Brandenburg is in the process of divorcing his wife of eight years. The couple has two small children.
According to an affidavit his wife filed on Dec. 30, the same day Brandenburg was arrested …, he stopped off at her house on Dec. 6 and dropped off a water purifier and two 30-day supplies of food, telling her that the world was “crashing down” and she was in denial. He said the government was planning cyberattacks and was going to shut down the power grid.
She added that he was storing food in bulk along with guns in rental units and she no longer felt safe around him. A court commissioner on Monday found that Brandenburg’s children were in imminent danger and temporarily prohibited them from staying with him.
Online court records indicate Brandenburg’s divorce attorney withdrew from the case on Dec. 28.
This is how this story ends. This is where everything in this story leads, inevitably, with the cruel certainty of a Greek tragedy. A few details remain to be worked out, such as Brandenburg’s trial and the length of his eventual sentence, but these are mere details. He has lost his job, his reputation, his marriage, his children, his savings, his integrity, and his freedom.
Steven Brandenburg has lost everything. And he lost it all because of lies.
You may have forgotten about Steven Brandenburg due to all the tumultuous events in the 10 days since his arrest. He was the Wisconsin pharmacist who vandalized the vaccine supply at a Grafton medical center, taking 57 vials of the vaccine out of refrigeration overnight on Christmas Eve and then again on Christmas Day in an attempt to render them useless.
“He’d formed this belief they were unsafe,” Ozaukee County District Attorney Adam Gerol said during a virtual hearing. He added that Brandenburg was upset because he was in the midst of divorcing his wife, and an Aurora employee said Brandenburg had taken a gun to work twice.
A detective wrote in a probable cause statement that Brandenburg, 46, is an admitted conspiracy theorist and that he told investigators he intentionally tried to ruin the vaccine because it could hurt people by changing their DNA.
(The vaccine cannot change DNA. As you probably know even if you did not study to become a pharmacist, and as you certainly would know if — like Steven Brandenburg — you did, that’s not how vaccines work or how DNA works, or how any of this works.)
Brandenburg is now at rock bottom and we can guess he is not a happy man. But he wasn’t a happy man before he lost everything either, which is why he chose to try to believe the outrageous lies he eventually acted upon. That’s why those lies seemed exciting and preferable to what he otherwise knew to be the truth.
Preferring such lies seems strange, given that they involve a massive evil conspiracy that includes nearly everyone at every level of government and in every institution. It’s an awful thing to imagine that the entire world is out to get you and that the situation is so dire that you’ve got to arm yourself and begin stockpiling food so you can flee to the woods as your only slim hope for survival. But it’s an even more awful thing to reach the point where you consider your whole life — your job, your family, your home, your church, your passions — as so entirely meaningless and unrewarding that you’d be better off as someone on the run from such a massive, evil conspiracy.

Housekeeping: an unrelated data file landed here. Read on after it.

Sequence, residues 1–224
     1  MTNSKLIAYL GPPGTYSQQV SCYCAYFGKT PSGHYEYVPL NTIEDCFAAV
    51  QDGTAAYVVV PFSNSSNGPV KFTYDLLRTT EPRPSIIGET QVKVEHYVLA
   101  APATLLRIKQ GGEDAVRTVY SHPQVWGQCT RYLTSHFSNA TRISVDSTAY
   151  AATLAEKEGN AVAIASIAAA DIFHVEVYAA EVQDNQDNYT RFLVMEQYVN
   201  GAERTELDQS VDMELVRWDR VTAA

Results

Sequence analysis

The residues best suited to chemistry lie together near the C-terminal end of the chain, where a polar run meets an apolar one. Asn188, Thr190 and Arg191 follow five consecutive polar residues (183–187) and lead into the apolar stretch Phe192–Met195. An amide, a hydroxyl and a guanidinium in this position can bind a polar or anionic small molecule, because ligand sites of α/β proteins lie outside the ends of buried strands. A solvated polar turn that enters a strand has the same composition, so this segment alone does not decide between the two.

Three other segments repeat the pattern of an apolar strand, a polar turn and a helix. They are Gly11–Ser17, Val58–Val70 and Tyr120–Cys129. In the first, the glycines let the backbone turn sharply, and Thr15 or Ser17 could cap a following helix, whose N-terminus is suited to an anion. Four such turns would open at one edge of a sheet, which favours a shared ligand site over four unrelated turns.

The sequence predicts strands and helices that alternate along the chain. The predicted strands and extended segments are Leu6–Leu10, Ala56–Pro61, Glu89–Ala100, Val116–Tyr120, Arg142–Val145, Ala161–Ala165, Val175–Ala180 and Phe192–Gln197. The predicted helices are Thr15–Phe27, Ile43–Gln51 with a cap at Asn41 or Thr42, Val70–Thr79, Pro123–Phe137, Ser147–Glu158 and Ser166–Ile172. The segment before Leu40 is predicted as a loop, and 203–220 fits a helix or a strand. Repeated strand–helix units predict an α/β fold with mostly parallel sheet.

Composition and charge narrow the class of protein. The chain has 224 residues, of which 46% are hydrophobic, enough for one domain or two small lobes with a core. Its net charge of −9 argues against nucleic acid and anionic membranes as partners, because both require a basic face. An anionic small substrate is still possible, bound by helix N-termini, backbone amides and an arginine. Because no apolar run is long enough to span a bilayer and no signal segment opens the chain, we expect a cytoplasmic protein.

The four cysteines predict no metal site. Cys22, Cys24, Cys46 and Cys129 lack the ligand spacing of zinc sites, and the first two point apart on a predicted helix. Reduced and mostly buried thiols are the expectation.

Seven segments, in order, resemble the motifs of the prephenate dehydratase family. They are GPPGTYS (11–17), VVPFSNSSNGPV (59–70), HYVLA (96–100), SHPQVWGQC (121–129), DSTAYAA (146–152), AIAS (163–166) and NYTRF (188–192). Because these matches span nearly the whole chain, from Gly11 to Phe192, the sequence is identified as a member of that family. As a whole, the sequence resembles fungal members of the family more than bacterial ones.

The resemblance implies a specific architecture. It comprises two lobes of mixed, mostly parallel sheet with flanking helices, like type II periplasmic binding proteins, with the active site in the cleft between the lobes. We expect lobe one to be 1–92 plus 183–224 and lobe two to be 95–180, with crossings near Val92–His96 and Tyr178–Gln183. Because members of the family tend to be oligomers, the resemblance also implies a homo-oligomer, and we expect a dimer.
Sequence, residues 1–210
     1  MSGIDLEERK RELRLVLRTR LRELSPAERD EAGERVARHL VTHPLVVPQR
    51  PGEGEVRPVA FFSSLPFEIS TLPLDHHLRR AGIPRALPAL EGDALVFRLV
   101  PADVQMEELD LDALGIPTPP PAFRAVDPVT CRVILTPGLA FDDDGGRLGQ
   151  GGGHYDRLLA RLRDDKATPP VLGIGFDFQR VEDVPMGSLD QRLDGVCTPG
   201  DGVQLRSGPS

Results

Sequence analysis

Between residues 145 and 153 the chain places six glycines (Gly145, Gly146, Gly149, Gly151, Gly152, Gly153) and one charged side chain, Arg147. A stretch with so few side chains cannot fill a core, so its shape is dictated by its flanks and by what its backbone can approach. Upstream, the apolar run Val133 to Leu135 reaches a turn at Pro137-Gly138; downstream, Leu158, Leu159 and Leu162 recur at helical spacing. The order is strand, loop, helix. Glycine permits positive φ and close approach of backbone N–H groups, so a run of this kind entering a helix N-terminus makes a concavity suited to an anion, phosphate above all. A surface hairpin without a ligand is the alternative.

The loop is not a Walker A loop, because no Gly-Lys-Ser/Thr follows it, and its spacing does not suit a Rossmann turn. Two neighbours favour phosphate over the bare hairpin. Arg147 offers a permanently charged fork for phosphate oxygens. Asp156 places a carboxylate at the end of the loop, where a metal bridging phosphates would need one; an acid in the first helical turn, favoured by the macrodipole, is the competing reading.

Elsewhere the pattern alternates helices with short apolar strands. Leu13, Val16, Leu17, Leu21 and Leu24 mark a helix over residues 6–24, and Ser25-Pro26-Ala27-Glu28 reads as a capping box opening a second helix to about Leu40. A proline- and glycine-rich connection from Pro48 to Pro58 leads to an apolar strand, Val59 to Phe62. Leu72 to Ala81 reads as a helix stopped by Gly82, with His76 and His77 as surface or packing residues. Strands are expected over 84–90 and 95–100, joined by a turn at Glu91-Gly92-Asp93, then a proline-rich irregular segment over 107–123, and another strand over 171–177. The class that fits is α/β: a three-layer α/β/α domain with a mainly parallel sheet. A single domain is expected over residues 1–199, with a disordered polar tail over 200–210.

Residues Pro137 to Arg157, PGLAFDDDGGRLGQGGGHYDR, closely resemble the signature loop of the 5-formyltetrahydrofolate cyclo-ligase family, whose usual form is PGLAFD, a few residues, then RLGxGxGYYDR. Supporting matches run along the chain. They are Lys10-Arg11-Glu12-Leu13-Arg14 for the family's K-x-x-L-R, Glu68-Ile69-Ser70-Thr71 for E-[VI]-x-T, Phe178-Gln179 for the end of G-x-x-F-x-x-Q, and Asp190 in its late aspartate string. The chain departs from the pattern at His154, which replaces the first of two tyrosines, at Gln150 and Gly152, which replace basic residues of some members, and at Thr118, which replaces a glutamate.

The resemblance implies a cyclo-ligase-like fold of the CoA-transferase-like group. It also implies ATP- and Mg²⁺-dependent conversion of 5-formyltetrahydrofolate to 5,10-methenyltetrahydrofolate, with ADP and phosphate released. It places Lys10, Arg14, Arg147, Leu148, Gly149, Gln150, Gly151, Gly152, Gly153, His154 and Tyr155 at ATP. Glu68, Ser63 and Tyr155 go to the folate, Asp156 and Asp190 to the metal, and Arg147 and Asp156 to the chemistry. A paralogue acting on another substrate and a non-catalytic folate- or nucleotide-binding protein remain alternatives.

Steven Brandenburg had reached that point. That’s why he chose, instead, to start acting as though he believed a host of outrageous, impossible lies that some part of him always knew, and still knows, were nothing more than lies.
And, well, look where that got him. No job, no freedom, his wife and children are terrified of him, and even the divorce lawyer he hired doesn’t want anything to do with him anymore.
This is how this story ends. This is how this story always ends.
One week after Steven Brandenburg was arrested, thousands of other similarly unhappy Americans made the same miserable choice that he did. They chose to pretend as though outrageous lies were true even though, on some level, every one of them knew that they were nothing more than outrageous lies. And they chose to believe that for the same reason that Brandenburg did — because the nightmare fantasies and wild conspiracies imagined by those lies were somehow an improvement on their otherwise meaningless daily existence apart from them.
Some of them, like Brandenburg, will soon be facing the consequences of that choice. Others, for now, may evade such external consequences and, otherwise unable to live with the internal consequences of their choices, will double-down on the fantasies and the choice to pretend to believe what they know to be lies. That will only delay the inevitable, because there is no other way for this story to end.
Or, more hopefully, for the story of this chapter of their lives to end. Choosing to pretend to believe what you know to be lies will always lead you to the same rock bottom on which Steven Brandenburg now sits, but that doesn’t have to be the final word in your story. The choice to believe lies can only end one way, but it is not the only choice available. Other choices exist, even now, even for Brandenburg and for the folly-drunk insurrectionists who participated in and incited the deadly botched coup-attempt on January 6.